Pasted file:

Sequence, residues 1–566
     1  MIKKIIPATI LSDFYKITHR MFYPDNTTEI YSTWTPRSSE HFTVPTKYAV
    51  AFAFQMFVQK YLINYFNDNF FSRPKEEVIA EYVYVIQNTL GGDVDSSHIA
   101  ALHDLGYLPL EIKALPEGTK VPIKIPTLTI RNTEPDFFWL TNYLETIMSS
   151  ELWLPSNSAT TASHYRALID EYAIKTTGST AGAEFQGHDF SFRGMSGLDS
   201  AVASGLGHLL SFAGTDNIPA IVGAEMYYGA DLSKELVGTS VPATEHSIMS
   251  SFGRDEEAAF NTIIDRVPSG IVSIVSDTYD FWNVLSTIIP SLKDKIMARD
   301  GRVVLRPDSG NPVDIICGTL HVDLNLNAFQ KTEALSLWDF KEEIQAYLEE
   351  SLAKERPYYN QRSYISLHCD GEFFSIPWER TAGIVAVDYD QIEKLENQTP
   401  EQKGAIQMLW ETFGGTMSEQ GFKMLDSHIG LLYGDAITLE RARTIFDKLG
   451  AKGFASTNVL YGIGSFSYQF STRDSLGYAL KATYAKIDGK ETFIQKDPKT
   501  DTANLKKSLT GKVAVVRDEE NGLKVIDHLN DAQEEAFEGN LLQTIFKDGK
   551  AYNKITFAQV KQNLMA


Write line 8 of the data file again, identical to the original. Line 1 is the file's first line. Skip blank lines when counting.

   301  GRVVLRPDSG NPVDIICGTL HVDLNLNAFQ KTEALSLWDF KEEIQAYLEE